• Must-have. There are certain products and services we can’t do without, and others that we need to attain certain goals in life. There is real value if students need your program in order to reach a certain goal. For example, conditional admission programs or pathway programs at some universities make completion of the English language program or component necessary for full admission to the institution. Making English language courses credit-bearing and part of degree requirements for non-native English speaking students is another (but rare) example. Achieving this status for a university-governed program requires advocating for it with the institution’s upper administration.

Do any of Tjan’s value propositions describe your program’s offer to students? If so, now is the time to double down and emphasize that value proposition to inquirers. If not, it will be a useful exercise to sit down with your team and ask, “Why should students choose this school over another one?” You’ll want to have an answer to this question as students the world over begin looking for an in-person English language program in the coming months.

Prepare to delight your students

Photo by Adam Winger on Unsplash

As I write this, we have just learned that the first COVID-19 vaccine has been approved for emergency use in the U.S. by the Food and Drug Administration. Even while the number of infections reaches an all-time high, the approval gives us a glimmer of hope that things will return to some kind of normal in the coming months. Students will be back with us in person, students and teachers will occupy our classrooms, and our hallways will be lively with the comings and goings of students between classes.

Let’s remember though that English language programs were suffering enrollment declines even before the pandemic, and it wasn’t simply the result of the negative rhetoric of the (now outgoing) administration. English language teaching has been been improving across the globe, and is begun at ever-younger ages, starting in elementary school in some countries. There is competition for English language business from other countries – including those where English is not spoken as a first language, such as Malaysia and the Philippines, where students can find programs that meet limited budgets. Synchronous online learning has taken off at low cost.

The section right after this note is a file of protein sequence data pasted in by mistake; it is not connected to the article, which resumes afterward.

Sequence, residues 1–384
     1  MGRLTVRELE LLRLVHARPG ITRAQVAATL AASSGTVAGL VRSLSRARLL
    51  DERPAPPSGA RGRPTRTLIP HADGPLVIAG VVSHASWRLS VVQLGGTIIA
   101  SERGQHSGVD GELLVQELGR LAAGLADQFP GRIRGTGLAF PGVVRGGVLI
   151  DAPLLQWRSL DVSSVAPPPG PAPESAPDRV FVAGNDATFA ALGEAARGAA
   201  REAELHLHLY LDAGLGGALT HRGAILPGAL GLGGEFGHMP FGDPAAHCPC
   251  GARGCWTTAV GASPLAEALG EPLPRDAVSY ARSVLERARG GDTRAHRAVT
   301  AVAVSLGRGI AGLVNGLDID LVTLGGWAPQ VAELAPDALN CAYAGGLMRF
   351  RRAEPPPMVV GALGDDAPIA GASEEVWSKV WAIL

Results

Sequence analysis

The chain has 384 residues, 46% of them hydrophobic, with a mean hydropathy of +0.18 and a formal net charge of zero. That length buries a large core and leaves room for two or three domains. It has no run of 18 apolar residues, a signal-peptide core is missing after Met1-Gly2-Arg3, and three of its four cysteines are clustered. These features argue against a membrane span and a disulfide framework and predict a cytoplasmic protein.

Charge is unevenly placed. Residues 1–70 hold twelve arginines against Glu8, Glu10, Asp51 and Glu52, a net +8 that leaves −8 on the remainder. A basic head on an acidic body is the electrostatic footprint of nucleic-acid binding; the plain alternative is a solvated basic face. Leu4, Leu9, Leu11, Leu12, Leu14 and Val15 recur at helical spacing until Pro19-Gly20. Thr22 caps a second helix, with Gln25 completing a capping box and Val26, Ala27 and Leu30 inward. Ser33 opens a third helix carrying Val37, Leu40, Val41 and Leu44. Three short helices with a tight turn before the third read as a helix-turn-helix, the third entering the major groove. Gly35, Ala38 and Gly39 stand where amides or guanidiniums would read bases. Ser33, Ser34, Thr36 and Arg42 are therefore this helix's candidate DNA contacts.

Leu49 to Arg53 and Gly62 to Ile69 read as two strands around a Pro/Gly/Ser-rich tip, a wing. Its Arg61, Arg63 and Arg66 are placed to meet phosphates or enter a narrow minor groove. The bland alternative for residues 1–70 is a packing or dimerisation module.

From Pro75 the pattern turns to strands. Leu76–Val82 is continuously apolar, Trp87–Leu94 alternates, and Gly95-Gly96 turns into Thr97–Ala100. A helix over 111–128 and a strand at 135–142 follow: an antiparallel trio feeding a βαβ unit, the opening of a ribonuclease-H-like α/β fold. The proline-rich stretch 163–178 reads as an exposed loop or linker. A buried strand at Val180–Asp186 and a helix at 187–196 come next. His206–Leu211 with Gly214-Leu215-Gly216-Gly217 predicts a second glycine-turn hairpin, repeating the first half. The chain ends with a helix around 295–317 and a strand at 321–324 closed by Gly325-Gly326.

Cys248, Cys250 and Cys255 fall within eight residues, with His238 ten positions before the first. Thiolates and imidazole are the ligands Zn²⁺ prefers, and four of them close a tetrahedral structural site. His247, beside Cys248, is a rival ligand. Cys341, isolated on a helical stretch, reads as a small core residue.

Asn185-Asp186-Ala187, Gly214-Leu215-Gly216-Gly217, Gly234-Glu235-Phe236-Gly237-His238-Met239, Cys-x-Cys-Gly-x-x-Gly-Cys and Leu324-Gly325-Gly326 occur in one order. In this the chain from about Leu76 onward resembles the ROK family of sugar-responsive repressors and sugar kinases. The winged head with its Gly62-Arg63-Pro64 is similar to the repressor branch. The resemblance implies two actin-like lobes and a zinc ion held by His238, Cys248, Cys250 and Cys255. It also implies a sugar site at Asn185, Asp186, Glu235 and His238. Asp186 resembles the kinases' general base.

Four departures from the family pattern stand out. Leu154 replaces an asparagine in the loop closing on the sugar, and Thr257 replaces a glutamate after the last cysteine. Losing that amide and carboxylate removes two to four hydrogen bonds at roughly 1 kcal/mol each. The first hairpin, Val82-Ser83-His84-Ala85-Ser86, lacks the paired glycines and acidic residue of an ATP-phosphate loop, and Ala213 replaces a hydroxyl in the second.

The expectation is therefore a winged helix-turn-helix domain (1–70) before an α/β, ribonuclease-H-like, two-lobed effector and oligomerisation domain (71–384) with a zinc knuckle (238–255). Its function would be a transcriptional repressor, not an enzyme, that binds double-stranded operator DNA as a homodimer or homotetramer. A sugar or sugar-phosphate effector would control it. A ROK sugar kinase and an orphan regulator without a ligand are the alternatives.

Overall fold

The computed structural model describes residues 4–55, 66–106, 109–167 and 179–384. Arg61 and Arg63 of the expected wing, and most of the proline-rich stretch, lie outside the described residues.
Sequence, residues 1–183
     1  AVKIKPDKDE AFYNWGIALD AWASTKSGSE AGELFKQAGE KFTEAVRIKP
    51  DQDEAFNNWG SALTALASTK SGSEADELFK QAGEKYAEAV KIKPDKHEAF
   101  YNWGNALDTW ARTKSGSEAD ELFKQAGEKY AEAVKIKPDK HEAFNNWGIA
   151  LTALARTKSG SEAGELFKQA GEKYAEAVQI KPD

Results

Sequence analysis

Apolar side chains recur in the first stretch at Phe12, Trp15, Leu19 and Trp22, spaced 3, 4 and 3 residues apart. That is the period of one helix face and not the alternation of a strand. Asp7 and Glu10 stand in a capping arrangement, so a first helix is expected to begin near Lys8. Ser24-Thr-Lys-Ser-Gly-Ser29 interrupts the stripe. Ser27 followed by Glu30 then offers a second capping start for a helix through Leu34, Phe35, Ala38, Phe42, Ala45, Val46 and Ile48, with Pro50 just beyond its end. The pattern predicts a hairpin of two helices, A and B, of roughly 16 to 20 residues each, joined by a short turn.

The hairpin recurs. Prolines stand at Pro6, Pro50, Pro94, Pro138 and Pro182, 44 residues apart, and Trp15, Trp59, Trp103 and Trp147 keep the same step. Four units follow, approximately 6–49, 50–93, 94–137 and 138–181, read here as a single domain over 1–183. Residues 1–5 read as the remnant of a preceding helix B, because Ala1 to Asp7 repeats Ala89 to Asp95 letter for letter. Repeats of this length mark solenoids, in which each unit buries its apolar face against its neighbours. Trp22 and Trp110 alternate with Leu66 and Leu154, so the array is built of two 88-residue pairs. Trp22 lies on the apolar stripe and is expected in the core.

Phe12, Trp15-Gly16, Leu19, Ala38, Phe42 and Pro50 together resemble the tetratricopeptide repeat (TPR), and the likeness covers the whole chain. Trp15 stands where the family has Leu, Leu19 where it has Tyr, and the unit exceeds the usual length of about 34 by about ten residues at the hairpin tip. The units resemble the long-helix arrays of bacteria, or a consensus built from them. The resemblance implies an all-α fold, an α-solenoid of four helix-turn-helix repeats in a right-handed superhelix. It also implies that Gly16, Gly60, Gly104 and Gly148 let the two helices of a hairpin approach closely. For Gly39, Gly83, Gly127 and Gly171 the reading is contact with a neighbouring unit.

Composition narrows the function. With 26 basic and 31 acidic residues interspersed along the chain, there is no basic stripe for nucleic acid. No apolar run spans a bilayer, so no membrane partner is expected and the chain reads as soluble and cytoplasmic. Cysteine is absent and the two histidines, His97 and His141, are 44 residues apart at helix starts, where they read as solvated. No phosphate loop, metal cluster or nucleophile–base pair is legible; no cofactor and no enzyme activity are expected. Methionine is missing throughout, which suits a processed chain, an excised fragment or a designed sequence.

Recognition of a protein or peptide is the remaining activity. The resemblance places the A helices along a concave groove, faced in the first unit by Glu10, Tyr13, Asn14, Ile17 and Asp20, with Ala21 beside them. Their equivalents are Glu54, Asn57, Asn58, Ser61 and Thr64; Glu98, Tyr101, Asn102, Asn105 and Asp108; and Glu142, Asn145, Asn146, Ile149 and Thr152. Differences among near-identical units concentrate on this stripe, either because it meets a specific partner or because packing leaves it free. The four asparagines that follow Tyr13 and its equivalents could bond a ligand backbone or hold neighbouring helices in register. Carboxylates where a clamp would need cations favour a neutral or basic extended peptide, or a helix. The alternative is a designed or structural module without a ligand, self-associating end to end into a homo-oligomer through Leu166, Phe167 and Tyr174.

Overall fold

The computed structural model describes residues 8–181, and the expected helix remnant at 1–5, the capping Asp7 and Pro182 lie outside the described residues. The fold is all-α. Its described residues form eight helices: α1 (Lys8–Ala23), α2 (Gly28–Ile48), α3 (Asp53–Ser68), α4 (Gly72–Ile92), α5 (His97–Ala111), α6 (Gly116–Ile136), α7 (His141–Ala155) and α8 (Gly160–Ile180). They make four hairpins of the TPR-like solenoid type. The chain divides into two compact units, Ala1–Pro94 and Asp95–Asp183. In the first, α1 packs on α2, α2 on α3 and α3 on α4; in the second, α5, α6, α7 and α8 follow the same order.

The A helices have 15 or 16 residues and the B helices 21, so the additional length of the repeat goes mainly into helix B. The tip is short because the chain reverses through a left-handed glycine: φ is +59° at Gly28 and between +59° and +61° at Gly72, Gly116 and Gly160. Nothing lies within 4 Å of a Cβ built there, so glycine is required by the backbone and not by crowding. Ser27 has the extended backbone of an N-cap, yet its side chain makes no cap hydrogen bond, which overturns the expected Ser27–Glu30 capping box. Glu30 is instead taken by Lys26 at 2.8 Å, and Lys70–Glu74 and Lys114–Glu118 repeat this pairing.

English language programs in the U.S. must compete on two levels, then: first, they must convince potential students that an in-person experience in a country where English is spoken is the best option; second, they must demonstrate that their own program is the best choice. English language programs of course compete against each other for new students, but that is not where the competition ends. Once in the U.S., students can transfer from one program to another, so programs have to ensure student retention in order to be successful. Although it may seem a long time until students are back with us in person, now is a good time to consider how your program will differentiate itself and hold onto students once once they have enrolled.

Although most of us in English language programs probably consider our industry to be education, I’m convinced that a significant part of what we do has much in common with the hospitality industry, and I think we can gain some competitive edge by adopting this perspective on our work. Think about it: many of us offer housing, transportation, an activity program, and concierge services. We create attractive spaces for our customers (students), help them navigate the local area with maps and guides, and are there to assist them, in some cases 24 hours a day. We have procedures in place to handle complaints and try to achieve customer satisfaction. So as we look ahead to having students back with us, we can consider our own experiences in hospitality environments – especially hotels and resorts – and plan how to apply the good practices we found there to our English language programs.